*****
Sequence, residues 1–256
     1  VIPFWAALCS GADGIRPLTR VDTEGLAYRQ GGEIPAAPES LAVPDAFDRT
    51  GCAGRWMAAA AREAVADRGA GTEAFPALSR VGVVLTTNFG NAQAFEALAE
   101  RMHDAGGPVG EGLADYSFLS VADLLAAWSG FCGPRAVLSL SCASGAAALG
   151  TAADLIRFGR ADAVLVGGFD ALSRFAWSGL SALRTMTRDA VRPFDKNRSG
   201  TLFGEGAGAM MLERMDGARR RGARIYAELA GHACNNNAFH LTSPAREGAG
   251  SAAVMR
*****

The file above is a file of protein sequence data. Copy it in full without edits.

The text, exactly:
Sequence, residues 1–256
     1  VIPFWAALCS GADGIRPLTR VDTEGLAYRQ GGEIPAAPES LAVPDAFDRT
    51  GCAGRWMAAA AREAVADRGA GTEAFPALSR VGVVLTTNFG NAQAFEALAE
   101  RMHDAGGPVG EGLADYSFLS VADLLAAWSG FCGPRAVLSL SCASGAAALG
   151  TAADLIRFGR ADAVLVGGFD ALSRFAWSGL SALRTMTRDA VRPFDKNRSG
   201  TLFGEGAGAM MLERMDGARR RGARIYAELA GHACNNNAFH LTSPAREGAG
   251  SAAVMR